What does it mean to be undocumented? That’s the question at the center of Papers, an anthology of 30 narratives of undocumented youth, recently published by Graham Street Productions, as part of a documentary project of the same title. The book presents personal reflections on the experience of growing up without papers, colored by the cultures and languages spanning “countries as diverse as Nigeria, Korea, Mexico, Indonesia and England,” illustrated by CultureStrike’s own Julio Salgado.
In the announcement of the book’s publication, Prerna Lal of Undocumented and Unafraid remarks, “There is no one undocumented experience. Some of our parents crossed the border without authorization, some of us came here legally and overstayed visas, some of us were escaping persecution while some came seeking more prosperity. We are from all over the world. But somewhere in all our stories, there is a common thread: there is an act of love.”
Below are excerpts from Papers. You can learn more about the documentary and the book at PapersTheMovie.com.
UPDATE: The UCLA Labor Center recently hosted a launch party for the book. Here’s a video about the event, featuring Julio, from our friends at Colorlines.com.
Salvador, Age 18
Being gay and undocumented is a little harder because you face discrimination for both things, you get judged for both things. Sometimes my own people, the Latino community, can be closed-minded about gay people. When I’m in the gay, lesbian, bisexual, transgender community, I feel we’re a big family who will support each other. I like that. I feel very comfortable and it gives me courage.
I came out to my family because I didn’t want to live a double life, being one person at home and another person with my friends. I’m not going to live in the closet. I’m going to be me. I want to be courageous. There are similarities between coming out as undocumented and coming out as being gay. You fear that people will reject you and that your friends might look at you weird or feel like you lied to them. You don’t know how they’re going to react.
We’re living in the 21st century; we have stop caring so much what people think. People are always going to talk about you. But I’m not going to live a life for them, trying to make them happy when I’m miserable. The people who are going to love you are going to love you for who you are.
Jamie, Age 19
My parents decided to emigrate from South Korea to the United States ten years ago, due to the financial damages that the International Monetary Fund Bankruptcy caused in 1997. They believed that America would provide a better future and opportunities for my sister and me and our family would essentially have a fresh start at life.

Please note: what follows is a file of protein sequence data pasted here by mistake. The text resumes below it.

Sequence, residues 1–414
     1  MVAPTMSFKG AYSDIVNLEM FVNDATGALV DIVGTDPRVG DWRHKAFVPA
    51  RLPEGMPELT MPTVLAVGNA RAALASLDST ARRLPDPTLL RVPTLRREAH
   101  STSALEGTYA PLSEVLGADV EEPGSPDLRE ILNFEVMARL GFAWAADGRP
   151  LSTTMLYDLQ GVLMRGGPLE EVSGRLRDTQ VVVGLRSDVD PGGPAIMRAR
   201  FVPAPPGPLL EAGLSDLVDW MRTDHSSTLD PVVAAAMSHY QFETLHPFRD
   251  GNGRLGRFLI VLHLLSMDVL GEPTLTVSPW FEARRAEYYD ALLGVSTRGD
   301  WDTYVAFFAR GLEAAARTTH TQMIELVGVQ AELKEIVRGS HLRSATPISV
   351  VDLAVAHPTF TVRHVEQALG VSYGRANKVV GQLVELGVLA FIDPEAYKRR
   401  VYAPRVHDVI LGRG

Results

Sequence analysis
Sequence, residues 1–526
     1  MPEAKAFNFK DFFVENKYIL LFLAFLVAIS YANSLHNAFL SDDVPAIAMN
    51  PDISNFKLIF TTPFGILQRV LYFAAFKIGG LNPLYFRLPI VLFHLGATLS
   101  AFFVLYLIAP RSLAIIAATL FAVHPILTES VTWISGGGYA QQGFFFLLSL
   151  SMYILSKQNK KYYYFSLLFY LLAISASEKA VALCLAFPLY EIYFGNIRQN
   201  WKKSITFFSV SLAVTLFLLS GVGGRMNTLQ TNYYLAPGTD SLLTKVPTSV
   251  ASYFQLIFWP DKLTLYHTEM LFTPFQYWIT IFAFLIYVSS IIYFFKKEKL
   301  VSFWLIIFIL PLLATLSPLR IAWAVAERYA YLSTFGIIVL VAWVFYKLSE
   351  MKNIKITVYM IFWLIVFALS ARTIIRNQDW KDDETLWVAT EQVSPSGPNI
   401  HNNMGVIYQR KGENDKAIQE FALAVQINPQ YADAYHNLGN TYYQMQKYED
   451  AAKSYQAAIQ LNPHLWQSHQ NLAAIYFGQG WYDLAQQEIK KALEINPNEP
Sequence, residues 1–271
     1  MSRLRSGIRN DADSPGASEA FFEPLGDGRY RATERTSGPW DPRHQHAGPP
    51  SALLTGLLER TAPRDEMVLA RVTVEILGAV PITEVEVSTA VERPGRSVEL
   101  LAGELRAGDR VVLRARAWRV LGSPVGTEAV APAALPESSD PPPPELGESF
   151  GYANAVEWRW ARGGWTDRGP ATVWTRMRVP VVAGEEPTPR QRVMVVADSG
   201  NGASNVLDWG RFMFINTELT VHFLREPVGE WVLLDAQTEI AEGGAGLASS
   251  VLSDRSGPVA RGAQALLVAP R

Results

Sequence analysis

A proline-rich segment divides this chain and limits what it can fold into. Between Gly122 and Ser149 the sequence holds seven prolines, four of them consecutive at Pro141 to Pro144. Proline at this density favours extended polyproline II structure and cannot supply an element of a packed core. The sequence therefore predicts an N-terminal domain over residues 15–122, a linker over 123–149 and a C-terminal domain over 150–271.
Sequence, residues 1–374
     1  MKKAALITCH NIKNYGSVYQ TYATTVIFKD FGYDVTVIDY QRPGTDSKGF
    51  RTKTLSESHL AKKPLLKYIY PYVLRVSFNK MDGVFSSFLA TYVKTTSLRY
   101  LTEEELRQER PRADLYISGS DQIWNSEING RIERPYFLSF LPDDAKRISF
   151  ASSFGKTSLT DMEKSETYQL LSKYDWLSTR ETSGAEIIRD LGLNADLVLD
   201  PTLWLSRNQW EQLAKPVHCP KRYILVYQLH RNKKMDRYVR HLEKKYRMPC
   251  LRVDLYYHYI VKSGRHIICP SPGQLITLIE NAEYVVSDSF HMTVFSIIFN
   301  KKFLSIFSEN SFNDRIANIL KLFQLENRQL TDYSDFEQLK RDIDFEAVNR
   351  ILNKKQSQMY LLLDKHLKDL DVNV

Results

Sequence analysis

Just like any other American story, our family started from scratch. I remember watching my parents work day and night, stooping down to people, seeing my dad cry for the first time. I have never seen them this vulnerable in my life. So, I turned to education as my only escape from poverty.
I worked hard because I wanted to be somebody and have the opportunity to experience the world. American society tells us that if you work hard you will be able to obtain your American Dream. But that wasn’t the case. Despite all the qualified grades and extracurricular activities and the passion I had for higher education, I viewed even obtaining a vocational degree as a challenge because of the status that I had no choice in making.
During my junior and senior year of high school, I fell into depression. I felt confused, angry, and sad. I did everything to the best of my ability to attempt to receive the type of education and experience I wanted for myself. But I couldn’t. I no longer felt like I could relate to my peers and even felt isolated at times in the Dream Act movement that was heavily dominated by Latinos. Unfortunately, people often believe that “undocumentation” is a small faction issue that only affects Latinos, but it can happen to anyone from any country, who choses to come to the United States. They can’t gain an education, access to civil rights or even a simple thing such as nutrition. Even regular immigrants can get cut out by lawyers misfiling their papers.
My fellow Dreamers are the most passionate, intelligent, and motivated people I have ever met in my life. They are the reason why I no longer live in fear and in shame. They are the reason why I believe that I am going to accomplish everything I aspire to achieve in the future. I am going to do everything I can to fight for my and our future. It is not just a Latino issue, it’s a universal fight for equal education. The longer we hold off the Dream Act, the longer the Dreamer’s future is on hold.
Eliseo, Age 12
I was brought to the United States by my parents when I was six years old. Unfortunately, the difference between me and other kids is that I’m undocumented. Most students are taught to dream and mold their future. I can see my future but I’m being told that I don’t have one.
My parents are farmworkers. They wake up at 5:00 am every morning to go to work. Every day I go through the day never knowing whether they will come home or not. I live in fear and uncertainty, but I don’t want to give up or lose hope. I want to become a full citizen of these United States. I want to be a positive role model. I want to do this for my parents, because to me my parents are like stars. Stars only live to be around 10 billion years old. Before a star dies it crunches up into what is called a red giant, then it explodes. But the star doesn’t just die, its matter and gas helps create new stars. The star sacrifices itself to create new life, just like my parents are doing for me.